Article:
At the NCTL 'Seizing Success' conference on 13 June, the Secretary of State spoke about schools’ ongoing assessment under the new national curriculum, in advance of the consultation on primary assessment and accountability.
As part of our reforms to the national curriculum , the current system of ‘levels’ used to report children’s attainment and progress will be removed. It will not be replaced.
We believe this system is complicated and difficult to understand, especially for parents. It also encourages teachers to focus on a pupil’s current level, rather than consider more broadly what the pupil can actually do. Prescribing a single detailed approach to assessment does not fit with the curriculum freedoms we are giving schools.
The new programmes of study set out what should be taught by the end of each key stage. We will give schools the freedom to develop a curriculum which is relevant to their pupils and enables them to meet these expectations.
Schools will be able to introduce their own approaches to formative assessment, to support pupil attainment and progression. The assessment framework should be built into the school curriculum, so that schools can check what pupils have learned and whether they are on track to meet expectations at the end of the key stage, and so that they can report regularly to parents.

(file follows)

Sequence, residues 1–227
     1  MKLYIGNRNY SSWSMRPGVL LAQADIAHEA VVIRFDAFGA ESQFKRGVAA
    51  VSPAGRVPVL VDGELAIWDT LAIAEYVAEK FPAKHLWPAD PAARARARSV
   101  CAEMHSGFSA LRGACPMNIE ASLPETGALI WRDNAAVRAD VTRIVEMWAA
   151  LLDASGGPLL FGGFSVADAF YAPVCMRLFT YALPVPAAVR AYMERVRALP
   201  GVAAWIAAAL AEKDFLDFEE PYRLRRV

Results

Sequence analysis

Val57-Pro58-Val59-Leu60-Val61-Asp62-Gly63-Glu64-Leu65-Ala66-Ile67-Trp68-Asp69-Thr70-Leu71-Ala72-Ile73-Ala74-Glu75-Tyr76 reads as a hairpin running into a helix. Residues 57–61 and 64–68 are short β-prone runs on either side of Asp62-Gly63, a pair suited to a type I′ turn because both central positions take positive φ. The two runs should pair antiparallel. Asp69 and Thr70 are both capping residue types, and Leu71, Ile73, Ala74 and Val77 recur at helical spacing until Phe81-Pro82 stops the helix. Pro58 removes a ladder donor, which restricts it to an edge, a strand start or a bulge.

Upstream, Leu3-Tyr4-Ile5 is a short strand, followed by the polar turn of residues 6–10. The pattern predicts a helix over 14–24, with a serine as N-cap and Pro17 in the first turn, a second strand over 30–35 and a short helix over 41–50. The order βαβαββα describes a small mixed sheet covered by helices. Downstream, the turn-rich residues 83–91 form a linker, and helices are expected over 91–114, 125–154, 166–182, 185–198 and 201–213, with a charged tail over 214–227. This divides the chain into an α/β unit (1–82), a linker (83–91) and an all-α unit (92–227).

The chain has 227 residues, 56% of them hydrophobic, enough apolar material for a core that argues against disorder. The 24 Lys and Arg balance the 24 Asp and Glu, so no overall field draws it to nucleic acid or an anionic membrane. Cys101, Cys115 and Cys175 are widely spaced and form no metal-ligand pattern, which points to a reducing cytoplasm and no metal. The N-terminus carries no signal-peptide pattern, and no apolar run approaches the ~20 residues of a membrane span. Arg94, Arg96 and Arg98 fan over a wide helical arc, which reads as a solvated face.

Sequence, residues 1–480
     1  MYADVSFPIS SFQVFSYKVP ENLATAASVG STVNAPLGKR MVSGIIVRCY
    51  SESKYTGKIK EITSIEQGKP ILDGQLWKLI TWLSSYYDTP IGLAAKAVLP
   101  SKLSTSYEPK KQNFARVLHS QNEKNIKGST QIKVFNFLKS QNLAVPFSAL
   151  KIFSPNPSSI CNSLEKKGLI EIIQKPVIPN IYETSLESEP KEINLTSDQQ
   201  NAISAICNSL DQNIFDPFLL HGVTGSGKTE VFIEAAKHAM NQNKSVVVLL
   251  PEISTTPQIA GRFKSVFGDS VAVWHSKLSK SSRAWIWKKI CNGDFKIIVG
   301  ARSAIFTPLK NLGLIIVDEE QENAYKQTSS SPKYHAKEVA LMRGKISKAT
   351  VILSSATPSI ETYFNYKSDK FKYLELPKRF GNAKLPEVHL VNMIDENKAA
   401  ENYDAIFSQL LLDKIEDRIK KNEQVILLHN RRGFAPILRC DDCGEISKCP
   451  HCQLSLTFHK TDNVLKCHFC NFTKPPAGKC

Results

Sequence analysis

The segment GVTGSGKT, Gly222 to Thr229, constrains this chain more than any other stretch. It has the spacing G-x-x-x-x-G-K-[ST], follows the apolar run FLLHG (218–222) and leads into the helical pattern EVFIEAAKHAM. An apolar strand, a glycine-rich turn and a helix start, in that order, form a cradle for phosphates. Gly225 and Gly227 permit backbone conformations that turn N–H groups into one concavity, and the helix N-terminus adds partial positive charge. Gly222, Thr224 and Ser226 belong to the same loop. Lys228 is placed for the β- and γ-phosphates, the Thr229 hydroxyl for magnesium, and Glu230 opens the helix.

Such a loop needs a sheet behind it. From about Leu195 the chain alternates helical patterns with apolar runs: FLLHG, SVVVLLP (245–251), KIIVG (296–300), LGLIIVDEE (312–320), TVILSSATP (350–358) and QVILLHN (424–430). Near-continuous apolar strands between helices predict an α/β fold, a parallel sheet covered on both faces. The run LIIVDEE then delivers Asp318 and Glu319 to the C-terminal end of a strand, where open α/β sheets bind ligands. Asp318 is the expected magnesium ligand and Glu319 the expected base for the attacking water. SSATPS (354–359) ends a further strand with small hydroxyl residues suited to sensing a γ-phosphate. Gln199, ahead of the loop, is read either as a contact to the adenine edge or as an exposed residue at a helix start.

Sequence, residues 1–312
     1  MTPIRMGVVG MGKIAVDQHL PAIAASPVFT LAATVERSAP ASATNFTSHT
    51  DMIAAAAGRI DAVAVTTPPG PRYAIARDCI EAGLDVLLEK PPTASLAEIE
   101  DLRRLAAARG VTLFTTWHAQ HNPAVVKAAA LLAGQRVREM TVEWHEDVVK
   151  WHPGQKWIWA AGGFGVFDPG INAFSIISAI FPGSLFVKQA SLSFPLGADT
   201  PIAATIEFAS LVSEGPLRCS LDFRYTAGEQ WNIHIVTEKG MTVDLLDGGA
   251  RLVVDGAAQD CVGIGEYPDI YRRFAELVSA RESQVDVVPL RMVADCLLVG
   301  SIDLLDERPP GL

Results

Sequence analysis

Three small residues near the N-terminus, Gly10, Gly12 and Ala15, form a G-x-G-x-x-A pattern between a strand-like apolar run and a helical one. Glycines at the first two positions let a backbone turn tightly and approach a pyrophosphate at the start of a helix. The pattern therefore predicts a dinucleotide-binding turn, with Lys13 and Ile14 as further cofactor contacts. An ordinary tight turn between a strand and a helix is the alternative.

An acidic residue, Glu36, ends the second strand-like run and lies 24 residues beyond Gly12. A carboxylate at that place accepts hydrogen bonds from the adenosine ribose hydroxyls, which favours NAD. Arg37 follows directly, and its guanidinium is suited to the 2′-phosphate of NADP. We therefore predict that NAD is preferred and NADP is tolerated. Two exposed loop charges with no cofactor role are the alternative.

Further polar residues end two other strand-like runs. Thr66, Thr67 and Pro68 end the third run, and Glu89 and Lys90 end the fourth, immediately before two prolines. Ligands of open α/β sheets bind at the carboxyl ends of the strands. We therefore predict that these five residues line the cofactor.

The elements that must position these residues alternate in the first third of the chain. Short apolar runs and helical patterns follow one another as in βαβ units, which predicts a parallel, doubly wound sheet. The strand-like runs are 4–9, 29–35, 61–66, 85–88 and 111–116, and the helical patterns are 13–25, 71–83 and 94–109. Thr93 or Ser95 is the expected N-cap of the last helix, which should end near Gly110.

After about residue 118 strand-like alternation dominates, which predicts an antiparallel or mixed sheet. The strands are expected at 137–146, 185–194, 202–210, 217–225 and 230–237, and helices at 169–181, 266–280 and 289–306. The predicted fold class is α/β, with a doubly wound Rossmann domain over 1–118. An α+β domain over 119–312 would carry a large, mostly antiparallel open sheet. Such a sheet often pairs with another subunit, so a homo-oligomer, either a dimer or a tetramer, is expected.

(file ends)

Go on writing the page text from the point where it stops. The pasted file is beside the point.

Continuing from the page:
Ofsted’s inspections will be informed by whatever pupil tracking data schools choose to keep. Schools will continue to benchmark their performance through statutory end of key stage assessments, including national curriculum tests. In the consultation on primary assessment and accountability, the department will consult on core principles for a school’s curriculum and assessment system.
Although schools will be free to devise their own curriculum and assessment system, we will provide examples of good practice which schools may wish to follow.
Outstanding schools and teaching schools have an opportunity to take the lead in developing and sharing curriculum and assessment systems which meet the needs of their pupils.
We are continuing to work with the National Association of Head Teachers to support schools in the development and implementation of this new approach. We will also work with subject associations, education publishers and external test developers to signpost schools to a range of potential approaches.